Schools make headway

City students show progress at 'innovation' highs

May 21, 2008|By Liz Bowie | Liz Bowie,Sun reporter

Last year, Tashera Savage squeezed her father's hand and held onto his gaze as he lay dying of a gunshot wound outside her house. Such a profoundly troubling experience could easily have derailed the city high school junior.

"I thought it was something I would never get over," she said. But her small high school rallied around her. Her teachers cried with her, and her classmates stayed close to her. Savage will walk across the stage at the Academy of College and Career Exploration High School (ACCE) graduation next week , not only a survivor but ready to go off to a four-year university in Louisiana in the fall.

The school she credits with helping her get so far is one of five new innovation high schools begun about four years ago as an experiment to find a replacement for Baltimore's troubled comprehensive high schools. This month, two of those schools will graduate their first classes, and the results are demonstrably better than those at the comprehensive high schools their students could have chosen.

At ACCE, 88 percent of seniors were accepted by colleges, and nearly half of them by four-year colleges. Most students hope to attend if they can put together enough financial aid. Savage, for instance, is hoping to find enough money to go to her first choice, Grambling State University in Grambling, La., but if she can't raise the funds, she plans to go elsewhere.

The success of these high schools, the principals, teachers and students say, lies not in a quirky educational fad but in something as simple as a faculty that has bonded with the 400 or so students who attend each school.

"Our kids have someone who can help them on a personal level. They have a connection with someone in the building," said Jeffrey M. Robinson, principal of the Talent Development High School in West Baltimore.

In interviews, the administrators and students at ACCE described their Hampden school as a family. The small size of the high school allows students to get a lot of attention, and in a city where teenagers often need their teachers to provide more than academic guidance, students say this school has kept them connected.

"There are a lot of kids who were about to drop out, and they didn't because these teachers care about them," said Katie Zimmerman, the valedictorian. Back in eighth grade, Zimmerman thought she would go to City College, but when she visited she found it too large and impersonal. She chose ACCE, despite the fact that she would be one of the few white students there.

The schools have lower dropout rates, better attendance and fewer discipline issues than the city's comprehensive high schools, according to a study released this year by the Urban Institute. On average, students in innovation high schools scored between 14 and 30 points higher on the Maryland High School Assessments than in other city high schools - not counting the selective schools such as City College. In addition, they attended school between 9 and 22 percent more days per year, the study found.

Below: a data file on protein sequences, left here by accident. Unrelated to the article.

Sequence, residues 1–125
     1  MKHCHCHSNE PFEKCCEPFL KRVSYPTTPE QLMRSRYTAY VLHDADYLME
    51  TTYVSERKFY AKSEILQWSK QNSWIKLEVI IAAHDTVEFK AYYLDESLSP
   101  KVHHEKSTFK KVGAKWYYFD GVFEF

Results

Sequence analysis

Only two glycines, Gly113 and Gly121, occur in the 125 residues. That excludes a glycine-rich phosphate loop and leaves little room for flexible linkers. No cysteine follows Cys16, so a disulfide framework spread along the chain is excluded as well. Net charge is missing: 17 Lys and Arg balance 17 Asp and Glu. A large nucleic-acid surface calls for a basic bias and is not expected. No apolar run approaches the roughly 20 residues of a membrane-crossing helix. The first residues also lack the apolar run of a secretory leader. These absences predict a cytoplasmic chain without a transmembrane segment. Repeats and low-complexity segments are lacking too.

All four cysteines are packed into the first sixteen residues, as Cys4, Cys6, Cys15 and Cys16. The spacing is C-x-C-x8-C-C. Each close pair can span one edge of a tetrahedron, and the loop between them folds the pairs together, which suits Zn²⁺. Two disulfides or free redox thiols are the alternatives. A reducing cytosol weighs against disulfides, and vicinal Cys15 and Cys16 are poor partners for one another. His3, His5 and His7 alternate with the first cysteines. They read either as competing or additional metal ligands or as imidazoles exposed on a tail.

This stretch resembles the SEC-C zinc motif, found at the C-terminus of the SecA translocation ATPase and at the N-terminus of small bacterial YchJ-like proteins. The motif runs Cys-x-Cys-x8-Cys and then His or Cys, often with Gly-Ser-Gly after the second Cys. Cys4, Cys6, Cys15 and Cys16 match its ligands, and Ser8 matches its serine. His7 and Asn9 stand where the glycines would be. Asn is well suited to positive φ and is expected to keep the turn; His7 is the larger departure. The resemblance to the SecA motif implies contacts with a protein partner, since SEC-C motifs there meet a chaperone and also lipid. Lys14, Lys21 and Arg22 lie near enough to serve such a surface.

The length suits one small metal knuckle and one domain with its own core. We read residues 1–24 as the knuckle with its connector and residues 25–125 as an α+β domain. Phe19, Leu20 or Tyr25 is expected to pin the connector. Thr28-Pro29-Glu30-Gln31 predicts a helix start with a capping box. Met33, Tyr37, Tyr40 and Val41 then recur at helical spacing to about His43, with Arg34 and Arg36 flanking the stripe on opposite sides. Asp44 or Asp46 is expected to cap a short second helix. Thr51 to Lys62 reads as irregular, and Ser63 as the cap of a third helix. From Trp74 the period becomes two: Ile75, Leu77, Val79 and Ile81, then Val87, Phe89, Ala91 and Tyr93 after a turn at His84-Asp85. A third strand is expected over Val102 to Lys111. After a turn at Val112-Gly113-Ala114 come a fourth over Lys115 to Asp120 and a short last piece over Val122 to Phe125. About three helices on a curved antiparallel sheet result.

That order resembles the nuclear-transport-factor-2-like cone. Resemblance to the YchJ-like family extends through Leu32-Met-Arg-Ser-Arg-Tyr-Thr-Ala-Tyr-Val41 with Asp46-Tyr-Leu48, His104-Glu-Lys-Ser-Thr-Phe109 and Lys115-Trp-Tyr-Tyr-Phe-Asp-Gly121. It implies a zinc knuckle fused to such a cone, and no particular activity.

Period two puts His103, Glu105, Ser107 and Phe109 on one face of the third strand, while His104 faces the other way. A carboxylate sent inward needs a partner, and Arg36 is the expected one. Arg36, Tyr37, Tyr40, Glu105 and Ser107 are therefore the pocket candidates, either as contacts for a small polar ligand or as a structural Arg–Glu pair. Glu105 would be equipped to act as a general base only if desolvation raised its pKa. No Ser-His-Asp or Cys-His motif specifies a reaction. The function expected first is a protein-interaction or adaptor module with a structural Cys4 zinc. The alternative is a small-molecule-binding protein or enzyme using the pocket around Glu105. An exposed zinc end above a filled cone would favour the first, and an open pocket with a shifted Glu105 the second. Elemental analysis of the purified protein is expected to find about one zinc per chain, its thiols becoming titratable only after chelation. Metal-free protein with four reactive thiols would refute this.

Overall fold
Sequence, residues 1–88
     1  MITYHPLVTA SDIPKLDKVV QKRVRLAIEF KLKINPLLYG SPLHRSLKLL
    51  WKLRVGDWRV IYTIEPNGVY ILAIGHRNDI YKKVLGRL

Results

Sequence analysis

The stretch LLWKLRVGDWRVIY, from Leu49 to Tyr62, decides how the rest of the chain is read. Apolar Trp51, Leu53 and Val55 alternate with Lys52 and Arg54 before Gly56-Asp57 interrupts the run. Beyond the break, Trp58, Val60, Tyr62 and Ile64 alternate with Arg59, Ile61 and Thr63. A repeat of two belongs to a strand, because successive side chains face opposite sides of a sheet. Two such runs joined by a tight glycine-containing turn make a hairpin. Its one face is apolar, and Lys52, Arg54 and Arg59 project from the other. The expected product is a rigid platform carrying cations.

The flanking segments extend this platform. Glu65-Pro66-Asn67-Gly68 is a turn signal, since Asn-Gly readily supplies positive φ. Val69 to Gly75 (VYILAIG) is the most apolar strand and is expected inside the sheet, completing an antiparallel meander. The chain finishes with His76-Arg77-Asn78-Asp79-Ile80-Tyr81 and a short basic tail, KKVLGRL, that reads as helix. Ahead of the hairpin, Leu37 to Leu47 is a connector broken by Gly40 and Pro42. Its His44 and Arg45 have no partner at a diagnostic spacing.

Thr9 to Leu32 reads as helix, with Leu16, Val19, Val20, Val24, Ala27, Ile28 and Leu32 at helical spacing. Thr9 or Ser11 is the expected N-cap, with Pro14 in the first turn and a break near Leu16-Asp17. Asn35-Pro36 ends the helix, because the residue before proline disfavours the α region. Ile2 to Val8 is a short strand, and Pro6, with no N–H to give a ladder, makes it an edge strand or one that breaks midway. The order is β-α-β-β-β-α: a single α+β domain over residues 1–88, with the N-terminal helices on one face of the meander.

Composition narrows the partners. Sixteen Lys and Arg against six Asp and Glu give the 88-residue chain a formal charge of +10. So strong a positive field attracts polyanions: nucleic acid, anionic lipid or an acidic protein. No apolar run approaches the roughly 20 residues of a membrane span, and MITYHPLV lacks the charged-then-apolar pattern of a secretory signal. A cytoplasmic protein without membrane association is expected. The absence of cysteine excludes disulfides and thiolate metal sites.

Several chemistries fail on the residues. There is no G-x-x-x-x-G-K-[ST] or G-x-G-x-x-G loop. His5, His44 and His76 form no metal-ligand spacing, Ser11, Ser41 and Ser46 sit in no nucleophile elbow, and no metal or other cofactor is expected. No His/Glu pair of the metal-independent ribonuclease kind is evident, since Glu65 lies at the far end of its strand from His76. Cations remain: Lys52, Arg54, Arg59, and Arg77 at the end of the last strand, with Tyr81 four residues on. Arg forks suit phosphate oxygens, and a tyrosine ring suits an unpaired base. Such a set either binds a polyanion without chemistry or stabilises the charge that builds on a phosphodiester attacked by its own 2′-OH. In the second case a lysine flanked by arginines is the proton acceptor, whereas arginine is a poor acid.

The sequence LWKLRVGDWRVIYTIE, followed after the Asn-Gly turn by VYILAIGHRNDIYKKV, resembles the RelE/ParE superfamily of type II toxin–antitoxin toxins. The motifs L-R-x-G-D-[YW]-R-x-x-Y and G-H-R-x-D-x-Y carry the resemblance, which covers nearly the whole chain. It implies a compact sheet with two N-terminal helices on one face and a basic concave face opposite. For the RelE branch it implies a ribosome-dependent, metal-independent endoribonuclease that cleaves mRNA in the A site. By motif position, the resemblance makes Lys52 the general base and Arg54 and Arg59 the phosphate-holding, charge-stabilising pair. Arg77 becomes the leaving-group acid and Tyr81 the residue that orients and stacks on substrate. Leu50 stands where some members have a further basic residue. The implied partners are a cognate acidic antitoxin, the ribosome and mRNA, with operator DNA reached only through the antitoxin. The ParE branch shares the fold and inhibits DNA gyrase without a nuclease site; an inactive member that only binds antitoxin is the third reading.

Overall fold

Students at ACCE said they came to the school four years ago almost on a lark. At the time, Baltimore was in the midst of a major reform of its high schools. With help from the Bill and Melinda Gates Foundation and local philanthropic groups, the school system was dividing its large high schools - with enrollments of about 2,000 - into two or three schools. At the same time, it was allowing groups to open charters and innovation high schools.

The innovation schools had a little more autonomy than the average school but less than a charter school.

Beginning five years ago, the city schools stopped assigning students to their neighborhood high schools. Instead, eighth-graders in the city were asked to choose the high schools they wanted to attend. And there were dozens of choices. Some, such as the Polytechnic Institute and Paul Laurence Dunbar High School, require minimum grades and test scores, while most others were open to anyone who wanted to sign up.

Zimmerman and her classmates said the first years of ACCE were sometimes difficult. The school struggled with the violence at a neighborhood high school in the same building, with differences among students and with a move across town to a new location, students and faculty said.

Of the 150 students who started four years ago, only 95 will graduate together, said Cheyanne Zahrt, a 12th- grade administrator. Many students switched schools when ACCE moved to a new location in Hampden. Others decided they wanted to get a GED or find an alternative route to an education, but only two or three of the original 150 can't be found, she said.

In a city with a dropout rate estimated from 40 percent to 60 percent, the school's ability to hold on to its students is unusual.

The innovation schools often have mandatory after-school activities, require students to do community service and oversee the college application process. ACCE students also must do an internship all day every Wednesday during their 11th-grade year.

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